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Title:
Formaldehyde as a probe of physical conditions in dense molecular clouds
Authors:
Mangum, Jeffrey G.; Wootten, Alwyn
Affiliation:
AA(University of Arizona, Tucson, AZ), AB(University of Arizona, Tucson, AZ)
Publication:
The Astrophysical Journal Supplement Series (ISSN 0067-0049), vol. 89, no. 1, p. 123-153 (ApJS Homepage)
Publication Date:
11/1993
Category:
Astrophysics
Origin:
STI
NASA/STI Keywords:
Energy Levels, H Ii Regions, Interstellar Gas, Molecular Clouds, Molecular Spectra, Radiative Transfer, Star Formation, Velocity Distribution, Molecular Spectroscopy, Space Density, Spatial Resolution, Temperature
DOI:
10.1086/191841
Bibliographic Code:
1993ApJS...89..123M

Abstract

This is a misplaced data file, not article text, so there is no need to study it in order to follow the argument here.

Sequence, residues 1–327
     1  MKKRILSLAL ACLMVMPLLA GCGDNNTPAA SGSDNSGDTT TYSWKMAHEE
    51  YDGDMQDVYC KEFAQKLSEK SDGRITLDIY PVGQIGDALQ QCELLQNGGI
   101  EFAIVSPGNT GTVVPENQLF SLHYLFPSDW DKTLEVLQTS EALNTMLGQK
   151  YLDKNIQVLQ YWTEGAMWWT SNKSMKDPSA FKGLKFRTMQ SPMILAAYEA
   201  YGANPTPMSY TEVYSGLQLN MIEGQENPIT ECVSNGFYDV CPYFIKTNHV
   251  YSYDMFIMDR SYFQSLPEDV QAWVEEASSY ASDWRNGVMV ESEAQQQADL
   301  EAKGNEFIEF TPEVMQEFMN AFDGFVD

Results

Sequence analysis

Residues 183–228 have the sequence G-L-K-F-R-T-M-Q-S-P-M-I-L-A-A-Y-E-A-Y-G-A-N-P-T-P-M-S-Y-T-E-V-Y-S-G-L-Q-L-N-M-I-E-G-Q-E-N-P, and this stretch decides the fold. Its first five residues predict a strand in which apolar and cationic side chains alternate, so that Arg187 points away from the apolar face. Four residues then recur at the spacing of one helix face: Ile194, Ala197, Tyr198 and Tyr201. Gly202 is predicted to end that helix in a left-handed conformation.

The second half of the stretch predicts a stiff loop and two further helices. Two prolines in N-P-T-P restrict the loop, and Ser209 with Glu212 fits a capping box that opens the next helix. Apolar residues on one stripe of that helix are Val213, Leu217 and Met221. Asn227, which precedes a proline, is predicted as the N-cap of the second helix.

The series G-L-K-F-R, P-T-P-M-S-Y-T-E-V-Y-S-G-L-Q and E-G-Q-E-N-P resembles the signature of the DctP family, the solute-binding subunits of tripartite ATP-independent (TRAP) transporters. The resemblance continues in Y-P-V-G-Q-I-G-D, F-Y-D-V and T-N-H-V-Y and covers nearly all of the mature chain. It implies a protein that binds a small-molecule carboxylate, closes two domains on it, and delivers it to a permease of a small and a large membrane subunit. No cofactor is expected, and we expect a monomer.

We present a detailed analysis describing the utility of the formaldehyde (H2CO) molecule in the derivation of the kinetic temperature and spatial density within molecular clouds. Measurements of 13 transitions from both the ortho and para species of H2CO have been made toward a sample of 11 active star formation regions. These H2CO transitions range in frequency from 211 to 365 GHz and in upper-state energy from 21 to 241 K. This range in excitation has allowed us to analyze H2CO sensitivity to both cool (TK less than or approximately equal to 50 K) and warm (TK greater than 50 K) molecular material. Using a spherical large velocity gradient (LVG) model to solve for the excitation of H2CO, we analyze the sensitivity of several ortho- and para-H2CO transition intensity ratios to the kinetic temperature and spatial density within molecular clouds. Using our measured H2CO radiation temperatures, we have constrained LVG model solutions for the kinetic temperature, spatial density, and H2CO species column density in each of the sources in our sample. In all of the regions in our sample, though, we measure kinetic temperatures greater than 50 K, significantly higher than previous estimates for many of these sources. Using our ortho- and para-H2CO measurements we have calculated the N(ortho-H2CO)/N(para-H2CO) ratio in several of the sources in our sample. Our measurements indicate that N(ortho-H2CO)/N(para-H2CO) less than 3 for most of our sources. When combined with the relatively high kinetic temperature in these objects, this N(ortho-H2CO)/N(para-H2CO) ratio suggests that dust grains might play an active role in H2CO chemistry.

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